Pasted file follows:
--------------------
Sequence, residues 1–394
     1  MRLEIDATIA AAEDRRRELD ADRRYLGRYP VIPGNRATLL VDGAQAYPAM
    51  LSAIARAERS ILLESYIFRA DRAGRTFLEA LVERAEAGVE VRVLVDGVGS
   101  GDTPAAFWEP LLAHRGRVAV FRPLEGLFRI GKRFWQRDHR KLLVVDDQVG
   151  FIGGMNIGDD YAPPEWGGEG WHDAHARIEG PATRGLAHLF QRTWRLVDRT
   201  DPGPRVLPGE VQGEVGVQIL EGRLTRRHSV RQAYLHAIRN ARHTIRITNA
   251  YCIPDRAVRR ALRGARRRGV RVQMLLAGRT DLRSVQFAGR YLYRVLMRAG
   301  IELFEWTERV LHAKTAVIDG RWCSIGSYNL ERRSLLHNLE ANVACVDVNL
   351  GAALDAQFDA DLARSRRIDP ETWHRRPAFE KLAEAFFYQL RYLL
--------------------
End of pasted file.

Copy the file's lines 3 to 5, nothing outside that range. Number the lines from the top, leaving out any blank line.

    51  LSAIARAERS ILLESYIFRA DRAGRTFLEA LVERAEAGVE VRVLVDGVGS
   101  GDTPAAFWEP LLAHRGRVAV FRPLEGLFRI GKRFWQRDHR KLLVVDDQVG
   151  FIGGMNIGDD YAPPEWGGEG WHDAHARIEG PATRGLAHLF QRTWRLVDRT